The US made the right call on refugees

By Aida Peery

Even though Republicans did a pre-emptive strike against Iraq 20 years ago, leading to a long war in Afghanistan, a few weeks ago we gave the country back, forcing thousands of refugees to flee their homes.

I as well as others in America know that once we do a preemptive strike against another country, we have to rebuild it, not bring in its refugees. They shouldn’t be part of the fabric of our own nation. But, they are today. 

I am a D.C. resident, a taxpayer, and someone who became homeless due to the loss of my job. Not being able to find a job immediately after, I hustled with all of my courage and one-time emergency rental assistance.

I had no choice but to go to a shelter or live in the streets. D.C. has a huge homeless population for a small city, even though some bigger cities have more homeless people overall. 

It would be an injustice to give refugees homes in Washington, D.C. when we have a homeless population that needs homes too. Those who have been waiting patiently for years are growing impatient. 

So, I think that the Biden Administration made a good call to spread refugees’ families into other states that don’t have as many people experiencing homelessness.

Let’s not forget what happened in 2004 and 2005, when Katrina victims from New Orleans got shelter while those who had been homeless for years in D.C. got nothing. Everybody was salty about how the Mayor and Councilmembers treated the city homeless population that kept growing.

The Biden Administration did the right thing by funding charities and recruiting volunteers to make refugees more comfortable in Virginia and Maryland, rather than D.C. where the needs are already so great.

Aida Peery is an artist and vendor program associate with Street Sense Media.


Afghanistan is a tragedy, but people at home need help too 

By Colly Dennis

As sad as it was when the U.S. Army pulled out of Afghanistan, it was just a reminder of a lost cause.

No one won this conflict. No one deserved to lose their loved ones over a war that we can declare a loss.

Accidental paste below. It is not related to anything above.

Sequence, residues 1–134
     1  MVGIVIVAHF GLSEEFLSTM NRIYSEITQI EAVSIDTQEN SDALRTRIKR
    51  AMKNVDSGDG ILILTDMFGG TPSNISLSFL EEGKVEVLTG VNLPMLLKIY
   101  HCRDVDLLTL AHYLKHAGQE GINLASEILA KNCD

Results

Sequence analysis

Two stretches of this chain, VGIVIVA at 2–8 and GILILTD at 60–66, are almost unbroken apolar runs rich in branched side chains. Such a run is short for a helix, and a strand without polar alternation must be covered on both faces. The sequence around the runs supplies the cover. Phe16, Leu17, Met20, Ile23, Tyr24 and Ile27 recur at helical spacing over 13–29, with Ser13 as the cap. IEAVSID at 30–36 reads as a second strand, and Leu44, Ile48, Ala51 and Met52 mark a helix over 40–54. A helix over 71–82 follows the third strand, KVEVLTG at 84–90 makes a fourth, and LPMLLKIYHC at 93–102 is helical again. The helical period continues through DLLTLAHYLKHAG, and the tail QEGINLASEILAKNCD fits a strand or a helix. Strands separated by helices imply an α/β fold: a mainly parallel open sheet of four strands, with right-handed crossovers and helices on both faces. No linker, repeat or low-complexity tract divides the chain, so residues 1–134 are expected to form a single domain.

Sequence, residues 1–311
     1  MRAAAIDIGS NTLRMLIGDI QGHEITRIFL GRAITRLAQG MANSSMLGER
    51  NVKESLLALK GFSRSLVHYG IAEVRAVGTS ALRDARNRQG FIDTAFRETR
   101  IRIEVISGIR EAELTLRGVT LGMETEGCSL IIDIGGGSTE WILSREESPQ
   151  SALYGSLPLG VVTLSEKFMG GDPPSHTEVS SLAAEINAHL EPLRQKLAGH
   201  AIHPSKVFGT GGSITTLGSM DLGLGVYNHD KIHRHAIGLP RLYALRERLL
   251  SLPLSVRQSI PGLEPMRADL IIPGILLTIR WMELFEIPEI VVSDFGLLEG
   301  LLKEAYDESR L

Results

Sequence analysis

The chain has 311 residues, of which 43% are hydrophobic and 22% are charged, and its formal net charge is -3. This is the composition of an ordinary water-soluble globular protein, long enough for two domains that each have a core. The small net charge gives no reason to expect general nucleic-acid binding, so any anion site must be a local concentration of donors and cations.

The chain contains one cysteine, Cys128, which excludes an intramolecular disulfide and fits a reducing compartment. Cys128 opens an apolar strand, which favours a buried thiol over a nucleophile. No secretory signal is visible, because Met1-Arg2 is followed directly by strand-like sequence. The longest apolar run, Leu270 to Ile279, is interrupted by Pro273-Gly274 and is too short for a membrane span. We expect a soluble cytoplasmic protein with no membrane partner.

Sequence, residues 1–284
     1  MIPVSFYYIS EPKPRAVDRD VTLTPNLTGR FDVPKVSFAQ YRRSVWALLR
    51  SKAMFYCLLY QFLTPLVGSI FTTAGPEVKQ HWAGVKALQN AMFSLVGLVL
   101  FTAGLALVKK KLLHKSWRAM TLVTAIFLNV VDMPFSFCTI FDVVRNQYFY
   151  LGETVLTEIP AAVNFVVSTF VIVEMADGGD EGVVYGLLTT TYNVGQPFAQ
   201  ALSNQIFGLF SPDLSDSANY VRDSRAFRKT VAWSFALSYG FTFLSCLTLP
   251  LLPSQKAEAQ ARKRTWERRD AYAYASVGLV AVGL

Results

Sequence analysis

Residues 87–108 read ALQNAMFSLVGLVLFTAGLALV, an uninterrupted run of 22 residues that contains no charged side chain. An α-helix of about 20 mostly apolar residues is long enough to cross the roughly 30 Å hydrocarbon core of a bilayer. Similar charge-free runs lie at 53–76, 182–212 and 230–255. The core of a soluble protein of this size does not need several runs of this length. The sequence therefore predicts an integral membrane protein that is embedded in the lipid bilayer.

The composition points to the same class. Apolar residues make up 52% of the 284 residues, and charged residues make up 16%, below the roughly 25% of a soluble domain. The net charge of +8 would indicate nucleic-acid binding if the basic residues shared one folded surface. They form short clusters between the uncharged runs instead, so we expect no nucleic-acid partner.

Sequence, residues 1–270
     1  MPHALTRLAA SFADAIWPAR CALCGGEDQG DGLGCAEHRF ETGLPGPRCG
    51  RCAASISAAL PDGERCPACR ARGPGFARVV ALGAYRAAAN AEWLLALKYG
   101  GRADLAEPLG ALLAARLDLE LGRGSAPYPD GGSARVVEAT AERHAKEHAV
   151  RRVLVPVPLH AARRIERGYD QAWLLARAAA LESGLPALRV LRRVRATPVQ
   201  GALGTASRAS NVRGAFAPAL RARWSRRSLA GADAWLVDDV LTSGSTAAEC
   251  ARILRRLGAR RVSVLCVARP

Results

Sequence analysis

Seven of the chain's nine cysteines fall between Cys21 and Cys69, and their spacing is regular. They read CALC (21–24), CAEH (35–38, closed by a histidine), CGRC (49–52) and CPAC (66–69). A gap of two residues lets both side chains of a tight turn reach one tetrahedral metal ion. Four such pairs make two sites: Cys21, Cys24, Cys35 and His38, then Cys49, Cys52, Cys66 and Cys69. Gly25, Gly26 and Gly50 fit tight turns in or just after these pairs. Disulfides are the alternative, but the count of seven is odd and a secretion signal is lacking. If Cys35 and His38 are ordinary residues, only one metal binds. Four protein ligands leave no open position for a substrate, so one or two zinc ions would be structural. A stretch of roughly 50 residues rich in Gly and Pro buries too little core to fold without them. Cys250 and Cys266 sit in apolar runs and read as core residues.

This was not a mission accomplished. This was a mission not abandoned or lost. Many people fleeing the country had no idea it was coming.

Now they have to learn and adapt to a whole new country and a whole new culture, music, traditions, and customs.

But the main question remains: Where were all these churches and volunteers that have turned out to support refugees as people lived and died on the streets of the D.C. area for years?

The federal government is already doing a great job helping everyone. But they should help their people at home, too.

Colly Davis is an artist and vendor with Street Sense Media. 


Supporting Afghans, and supporting Black people 

By Rita Sauls

The aftermath of the war in Afghanistan shows that the U.S. is a divided nation. 

I’ve never felt any support from any race or culture except my own culture, which is Black. No one has ever mobilized efforts on our account other than the Black church, as if America is not our home. That’s why America allows Black Americans to stay on the streets, while they put non-Americans in AirBnb properties. 

Is this going to end with a race war? It looks like everything is heading toward that. I’d personally rather fight for my respect, dignity, and freedom, than be a part of something I don’t support. 

What I do support is more love for the Black race continued through God’s grace, less hate, and a nation that God creates, not us.

Rita Sauls is an artist and vendor with Street Sense Media.